If the State had been relying upon the typical police informant,[2] drawn from the criminal milieu, the showing of credibility would have been deficient. Significantly, however, it was developed that the informant was not from the criminal milieu. He was an undercover man employed by the Pinkerton Detective Agency. The strictures of Aguilar and of Spinelli v. United States, 393 U.S. 410, 89 S. Ct. 584, 21 L. Ed. 2d 637, are not aimed at this class of informants. King v. State, 16 Md. App. 546, 298 A.2d 446; Thompson v. State, 16 Md. App. 560, 298 A.2d 458. The distinction here is the one of which we spoke in Dawson, supra, at 33:

*496 "Although the difference is discussed expressly only in the dissenting opinion of Justice Harlan in Harris, at 29 L. Ed. 2d 743, it is implicit in the Supreme Court's treating of Aguilar-Spinelli problems that the rules set out for establishing an informant's credibility are aimed primarily at unnamed police `informers' rather than at that broad class of secondary sources who are the victims of crime, the disinterested witnesses of crime, other disinterested civilian sources of information or other law enforcement officers. The members of this broad class are generally, but not universally, named. They are not from the criminal milieu."

The inappropriateness of applying Aguilar-Spinelli standards, in terms of a necessity of showing demonstrated past performance, was made clear in United States v. Ventresca, 380 U.S. 102, 85 S. Ct. 741, 13 L. Ed. 2d 684, where the Supreme Court, said flatly at 380 U.S. 111, that since IRS investigators are presumed truthful, a statement that information came from IRS investigators satisfied the reliability test. In Ventresca, similar reliability was imputed to investigators attached to the Alcohol and Tobacco Tax Division, even though such investigators were never identified by proper name. Ventresca, 380 U.S., at 103. See also Rugendorf v. United States, 376 U.S. 528, 84 S. Ct. 825, 11 L. Ed. 2d 887, and Whiteley v. Warden, 401 U.S. 560, 91 S. Ct. 1031, 28 L. Ed. 2d 306, for similar holdings with respect to other law enforcement officers.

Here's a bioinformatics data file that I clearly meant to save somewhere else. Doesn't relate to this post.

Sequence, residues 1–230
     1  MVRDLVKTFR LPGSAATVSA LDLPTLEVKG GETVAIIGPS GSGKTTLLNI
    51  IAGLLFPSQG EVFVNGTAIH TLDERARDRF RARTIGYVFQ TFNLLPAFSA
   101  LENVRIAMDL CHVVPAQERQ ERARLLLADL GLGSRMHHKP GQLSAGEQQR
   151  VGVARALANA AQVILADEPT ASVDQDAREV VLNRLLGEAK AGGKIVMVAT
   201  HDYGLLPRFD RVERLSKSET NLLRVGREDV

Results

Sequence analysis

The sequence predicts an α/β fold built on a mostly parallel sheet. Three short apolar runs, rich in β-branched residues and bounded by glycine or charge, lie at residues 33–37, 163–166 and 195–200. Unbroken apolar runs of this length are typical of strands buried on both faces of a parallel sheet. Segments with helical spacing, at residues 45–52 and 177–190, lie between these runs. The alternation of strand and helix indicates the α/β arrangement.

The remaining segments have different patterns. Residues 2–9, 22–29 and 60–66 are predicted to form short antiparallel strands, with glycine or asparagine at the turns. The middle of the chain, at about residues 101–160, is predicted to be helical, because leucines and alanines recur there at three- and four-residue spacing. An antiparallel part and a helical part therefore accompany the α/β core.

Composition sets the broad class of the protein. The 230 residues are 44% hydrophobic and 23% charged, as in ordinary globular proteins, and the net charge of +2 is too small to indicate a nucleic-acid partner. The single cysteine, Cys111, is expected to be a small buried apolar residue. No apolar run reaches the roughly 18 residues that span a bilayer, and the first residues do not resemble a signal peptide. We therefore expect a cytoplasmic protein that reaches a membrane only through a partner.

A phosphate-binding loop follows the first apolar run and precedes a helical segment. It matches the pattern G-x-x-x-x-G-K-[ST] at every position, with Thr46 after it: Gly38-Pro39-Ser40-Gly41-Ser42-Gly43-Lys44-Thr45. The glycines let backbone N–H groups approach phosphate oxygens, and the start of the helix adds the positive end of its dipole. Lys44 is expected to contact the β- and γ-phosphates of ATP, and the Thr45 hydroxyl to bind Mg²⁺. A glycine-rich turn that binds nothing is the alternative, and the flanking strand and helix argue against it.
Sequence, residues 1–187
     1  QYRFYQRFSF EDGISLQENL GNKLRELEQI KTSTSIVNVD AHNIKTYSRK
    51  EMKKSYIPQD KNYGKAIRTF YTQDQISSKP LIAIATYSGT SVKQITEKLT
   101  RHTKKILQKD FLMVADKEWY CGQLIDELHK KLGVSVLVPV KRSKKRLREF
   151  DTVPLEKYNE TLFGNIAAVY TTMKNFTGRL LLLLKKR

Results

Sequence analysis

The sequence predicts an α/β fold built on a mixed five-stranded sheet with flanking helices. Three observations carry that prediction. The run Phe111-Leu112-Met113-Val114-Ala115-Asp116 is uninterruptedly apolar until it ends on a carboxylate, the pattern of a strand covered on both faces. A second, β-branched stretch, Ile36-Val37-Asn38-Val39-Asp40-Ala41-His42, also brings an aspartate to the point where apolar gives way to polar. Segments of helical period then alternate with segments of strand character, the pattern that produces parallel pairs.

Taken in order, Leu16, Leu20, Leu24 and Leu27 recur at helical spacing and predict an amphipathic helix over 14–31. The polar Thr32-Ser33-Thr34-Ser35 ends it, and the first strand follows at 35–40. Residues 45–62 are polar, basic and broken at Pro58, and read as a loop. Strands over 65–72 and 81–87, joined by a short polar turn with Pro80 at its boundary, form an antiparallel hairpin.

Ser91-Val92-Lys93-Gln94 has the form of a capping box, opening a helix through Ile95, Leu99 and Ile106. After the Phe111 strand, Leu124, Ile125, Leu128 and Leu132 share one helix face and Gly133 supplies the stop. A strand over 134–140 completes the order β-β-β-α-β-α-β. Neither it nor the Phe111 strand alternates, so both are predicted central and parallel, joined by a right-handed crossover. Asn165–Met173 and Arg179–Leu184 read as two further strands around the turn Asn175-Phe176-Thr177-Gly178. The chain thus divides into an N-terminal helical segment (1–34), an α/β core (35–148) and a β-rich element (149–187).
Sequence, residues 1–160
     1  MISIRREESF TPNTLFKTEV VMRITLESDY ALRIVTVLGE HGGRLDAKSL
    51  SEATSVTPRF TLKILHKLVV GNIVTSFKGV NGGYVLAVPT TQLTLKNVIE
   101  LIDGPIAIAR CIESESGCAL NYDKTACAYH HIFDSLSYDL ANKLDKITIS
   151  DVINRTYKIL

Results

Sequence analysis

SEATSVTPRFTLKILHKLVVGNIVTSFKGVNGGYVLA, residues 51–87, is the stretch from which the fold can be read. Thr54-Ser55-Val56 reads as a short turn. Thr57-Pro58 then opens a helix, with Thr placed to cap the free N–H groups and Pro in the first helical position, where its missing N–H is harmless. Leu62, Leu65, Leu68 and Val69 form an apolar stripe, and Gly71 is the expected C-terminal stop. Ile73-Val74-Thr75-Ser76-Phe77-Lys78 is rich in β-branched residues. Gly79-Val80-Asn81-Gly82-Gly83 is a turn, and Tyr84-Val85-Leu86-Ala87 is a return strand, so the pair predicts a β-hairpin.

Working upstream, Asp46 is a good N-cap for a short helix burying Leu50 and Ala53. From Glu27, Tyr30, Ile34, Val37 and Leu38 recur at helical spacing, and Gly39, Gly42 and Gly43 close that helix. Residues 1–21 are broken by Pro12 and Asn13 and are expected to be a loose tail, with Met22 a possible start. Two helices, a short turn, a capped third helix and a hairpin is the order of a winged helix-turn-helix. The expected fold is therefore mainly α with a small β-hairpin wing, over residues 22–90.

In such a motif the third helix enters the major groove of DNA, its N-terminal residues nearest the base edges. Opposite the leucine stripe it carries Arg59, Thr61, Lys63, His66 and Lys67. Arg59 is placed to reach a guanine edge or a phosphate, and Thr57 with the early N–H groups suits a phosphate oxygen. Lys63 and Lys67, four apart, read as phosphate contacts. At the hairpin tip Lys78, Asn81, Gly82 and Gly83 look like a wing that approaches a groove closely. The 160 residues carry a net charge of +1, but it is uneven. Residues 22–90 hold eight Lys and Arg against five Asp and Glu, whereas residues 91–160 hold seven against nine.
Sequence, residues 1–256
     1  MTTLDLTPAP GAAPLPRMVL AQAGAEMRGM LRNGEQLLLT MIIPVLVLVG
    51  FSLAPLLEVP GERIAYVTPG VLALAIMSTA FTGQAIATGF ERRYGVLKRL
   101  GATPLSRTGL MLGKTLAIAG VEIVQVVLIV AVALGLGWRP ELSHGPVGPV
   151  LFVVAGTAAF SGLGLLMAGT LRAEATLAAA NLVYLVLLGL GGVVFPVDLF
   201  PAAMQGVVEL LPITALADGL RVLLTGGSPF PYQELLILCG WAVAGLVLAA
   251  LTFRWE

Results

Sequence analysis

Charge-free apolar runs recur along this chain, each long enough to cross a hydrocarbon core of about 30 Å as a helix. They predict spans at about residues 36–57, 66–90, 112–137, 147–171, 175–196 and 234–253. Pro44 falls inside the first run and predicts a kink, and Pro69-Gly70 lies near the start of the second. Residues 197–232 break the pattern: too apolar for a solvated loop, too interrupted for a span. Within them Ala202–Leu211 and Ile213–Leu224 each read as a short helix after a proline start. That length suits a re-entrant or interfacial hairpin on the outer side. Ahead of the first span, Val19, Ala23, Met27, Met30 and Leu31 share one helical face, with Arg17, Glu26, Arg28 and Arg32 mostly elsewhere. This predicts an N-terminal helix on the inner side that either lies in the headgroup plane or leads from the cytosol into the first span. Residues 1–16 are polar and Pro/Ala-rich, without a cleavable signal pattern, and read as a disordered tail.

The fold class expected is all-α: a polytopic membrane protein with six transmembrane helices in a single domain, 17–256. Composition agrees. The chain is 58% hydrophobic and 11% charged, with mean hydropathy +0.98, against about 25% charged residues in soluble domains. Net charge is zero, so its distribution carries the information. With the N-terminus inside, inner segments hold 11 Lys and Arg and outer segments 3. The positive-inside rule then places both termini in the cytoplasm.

The limitation on Aguilar and Spinelli's healthy skepticism, when dealing with police informers from the underworld milieu, is not restricted to members of official, law enforcement agencies, but extends to a wide variety of disinterested persons. Jones v. State, 242 Md. 95, 100-101, 218 A.2d 7; Taylor v. State, 238 Md. 424, 429-431, 209 A.2d 595; Evans v. State, 11 Md. App. 451, 455-459, 274 A.2d 653; Ward v. State, 9 Md. App. 583, 590-592, 267 A.2d 255; Knight v. State, 7 Md. App. *497 282, 285-286, 254 A.2d 379; Edwards v. State, 7 Md. App. 108, 112, n. 1, 253 A.2d 764; Grimm v. State, 6 Md. App. 321, 326-328, 251 A.2d 230; Boone v. State, 2 Md. App. 80, 93, 233 A.2d 476.

Upon our constitutionally mandated, independent review, we are persuaded that the informant's status as an undercover agent employed by the Pinkerton Detective Agency adequately established his "credibility".

Both prongs of Aguilar having been satisfied, the information from the informant was properly received. That information mounted up to probable cause to believe that the appellant's automobile, upon its reentry into Calvert County during the early morning hours of March 11, would contain contraband. That being the only challenge the appellant makes to the automobile search, we find nothing invalid in the search.

Judgment affirmed.

NOTES

[1] From nothing, nothing comes.

[2] For an excellent discussion of the classes of police informers and their character, see Nutter v. State, 8 Md. App. 635, at 637, n. 1, 262 A.2d 80.